Ocoee middle school teacher Gloria Boisvert was 37 years old when her life came precariously close to ending. A high school athlete and a member of the military for 12 years — undergoing more physicals than the everyday person — she had no reason to believe her heart was on the brink of an attack. Her only aliment was gestational diabetes, a type of diabetes that starts during pregnancy.
“I didn’t make the connection between diabetes and heart disease,” she says. That is, until a visit with her doctor for what she thought was an anxiety attack, proved much worse. Within 48 hours, she had undergone coronary artery bypass surgery to restore blood flow to her heart muscle.
Boisvert’s story is one of the thousands being told by women who are now beating heart disease. Unfortunately, they are also typical in their beliefs at the time of their incidents: only one in five American women believe that heart disease is her greatest health threat.
But the grim truths remain. Heart disease is now the number one killer of women, more deadly than all forms of cancer combined, according to the American Heart Association (AHA). While one in 31 American women die from breast cancer each year, 1 in 3 dies of heart disease. That’s approximately a woman a minute. Perhaps more alarming is that since 1984, more women than men have died each year from heart disease.
Dr. Bernard Gros, a practicing cardiologist at UCF Pegasus Health, the physician practice of the University of Central Florida’s College of Medicine, explains when modern treatment of heart disease was taking hold in the 1980s, a large concentration of preventive measures applied mostly to men.
“It was affecting more men, so the medical community was paying more attention to males,” he explains. It wasn’t until the late 1990s that the magnitude of heart disease in women was recognized. “On the patient side, most women for years believed that cancer was their biggest worry.”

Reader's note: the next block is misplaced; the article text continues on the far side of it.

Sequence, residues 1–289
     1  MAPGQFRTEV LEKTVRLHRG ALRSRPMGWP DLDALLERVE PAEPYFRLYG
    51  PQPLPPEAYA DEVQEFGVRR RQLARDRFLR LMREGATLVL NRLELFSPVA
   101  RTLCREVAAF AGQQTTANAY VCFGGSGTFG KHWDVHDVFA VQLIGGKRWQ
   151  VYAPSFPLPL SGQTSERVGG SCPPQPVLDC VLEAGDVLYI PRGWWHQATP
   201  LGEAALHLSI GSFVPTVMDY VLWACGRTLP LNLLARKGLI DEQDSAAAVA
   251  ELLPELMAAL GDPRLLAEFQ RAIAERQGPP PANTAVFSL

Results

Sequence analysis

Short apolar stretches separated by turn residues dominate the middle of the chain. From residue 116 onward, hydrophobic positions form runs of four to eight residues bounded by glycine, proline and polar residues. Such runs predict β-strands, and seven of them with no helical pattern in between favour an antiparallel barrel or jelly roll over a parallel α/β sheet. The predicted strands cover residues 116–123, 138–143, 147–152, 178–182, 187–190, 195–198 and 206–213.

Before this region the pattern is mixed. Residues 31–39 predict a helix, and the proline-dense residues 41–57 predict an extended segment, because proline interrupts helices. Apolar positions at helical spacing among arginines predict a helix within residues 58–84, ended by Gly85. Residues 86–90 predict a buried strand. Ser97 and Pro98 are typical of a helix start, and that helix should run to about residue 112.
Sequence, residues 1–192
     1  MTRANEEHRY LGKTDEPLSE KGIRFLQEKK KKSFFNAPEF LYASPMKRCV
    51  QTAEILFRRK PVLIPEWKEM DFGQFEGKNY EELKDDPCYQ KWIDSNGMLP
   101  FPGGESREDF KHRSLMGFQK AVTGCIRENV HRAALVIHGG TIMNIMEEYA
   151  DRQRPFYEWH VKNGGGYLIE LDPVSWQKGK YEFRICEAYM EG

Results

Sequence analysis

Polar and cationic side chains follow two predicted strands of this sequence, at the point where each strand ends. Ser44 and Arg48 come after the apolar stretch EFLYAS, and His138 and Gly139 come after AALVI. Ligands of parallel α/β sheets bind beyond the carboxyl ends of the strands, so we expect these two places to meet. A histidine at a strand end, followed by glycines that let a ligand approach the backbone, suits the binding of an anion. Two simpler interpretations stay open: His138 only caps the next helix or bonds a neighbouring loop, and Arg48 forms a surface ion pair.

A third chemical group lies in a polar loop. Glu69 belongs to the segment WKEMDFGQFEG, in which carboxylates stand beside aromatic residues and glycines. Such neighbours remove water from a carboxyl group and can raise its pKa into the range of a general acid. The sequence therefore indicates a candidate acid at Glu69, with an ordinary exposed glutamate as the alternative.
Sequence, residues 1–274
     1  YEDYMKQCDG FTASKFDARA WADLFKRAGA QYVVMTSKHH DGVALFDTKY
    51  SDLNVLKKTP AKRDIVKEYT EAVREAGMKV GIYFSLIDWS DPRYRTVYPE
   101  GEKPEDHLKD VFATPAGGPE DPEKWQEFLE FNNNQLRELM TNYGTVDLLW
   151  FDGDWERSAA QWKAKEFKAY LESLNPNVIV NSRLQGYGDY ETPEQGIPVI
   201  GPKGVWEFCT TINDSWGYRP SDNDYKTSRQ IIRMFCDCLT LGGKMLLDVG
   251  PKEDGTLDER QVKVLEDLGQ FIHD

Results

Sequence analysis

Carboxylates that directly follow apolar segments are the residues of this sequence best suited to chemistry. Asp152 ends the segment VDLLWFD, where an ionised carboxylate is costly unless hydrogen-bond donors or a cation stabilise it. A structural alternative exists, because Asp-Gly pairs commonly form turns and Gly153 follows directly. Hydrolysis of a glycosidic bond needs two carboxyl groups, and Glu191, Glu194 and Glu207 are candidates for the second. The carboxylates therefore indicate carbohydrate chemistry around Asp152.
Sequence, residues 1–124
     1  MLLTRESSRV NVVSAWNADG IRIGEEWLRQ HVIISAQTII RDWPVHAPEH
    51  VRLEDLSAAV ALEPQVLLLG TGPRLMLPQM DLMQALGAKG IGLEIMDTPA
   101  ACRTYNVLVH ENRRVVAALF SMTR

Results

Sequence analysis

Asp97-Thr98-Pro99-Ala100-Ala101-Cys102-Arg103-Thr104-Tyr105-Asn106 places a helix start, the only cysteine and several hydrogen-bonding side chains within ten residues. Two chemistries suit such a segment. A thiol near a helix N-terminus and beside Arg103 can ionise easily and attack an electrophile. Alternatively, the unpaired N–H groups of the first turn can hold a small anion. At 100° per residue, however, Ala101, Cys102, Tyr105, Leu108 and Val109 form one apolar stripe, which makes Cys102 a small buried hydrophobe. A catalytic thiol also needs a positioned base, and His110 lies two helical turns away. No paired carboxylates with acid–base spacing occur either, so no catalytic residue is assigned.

Thanks to the AHA’s Go Red For Women movement, more research and swifter action for women’s heart health is being advocated. For two years, Boisvert served as spokesperson for Go Red For Women, touring the country to bring awareness to the killer that almost took her life.
Boisvert believes in the ten years AHA has been running the Red campaign, more women are aware heart disease is their number one killer, and they are making healthier choices. Studies show those healthy choices have resulted in 330 fewer women dying from heart disease per day.
AHA is also working with insurance companies to allow gynecologists to screen for heart disease. “Many women use the gynecological visit as their physical,” says Dr. Gros. “We need gynecologists to screen for these risk factors.”
Boisvert had a lot to live for — and still does. At the time of her surgery, she had a 9-year-old son, a 5-year-old daughter and a husband of 15-plus years. Four years after surgery, she ran a 10K and continues to exercise and eat well. But recovery wasn’t easy. “There are side effects to open heart surgery,” says Boisvert. “My chest bone was broken, and I underwent six weeks of cardio rehab. It’s a daily struggle.”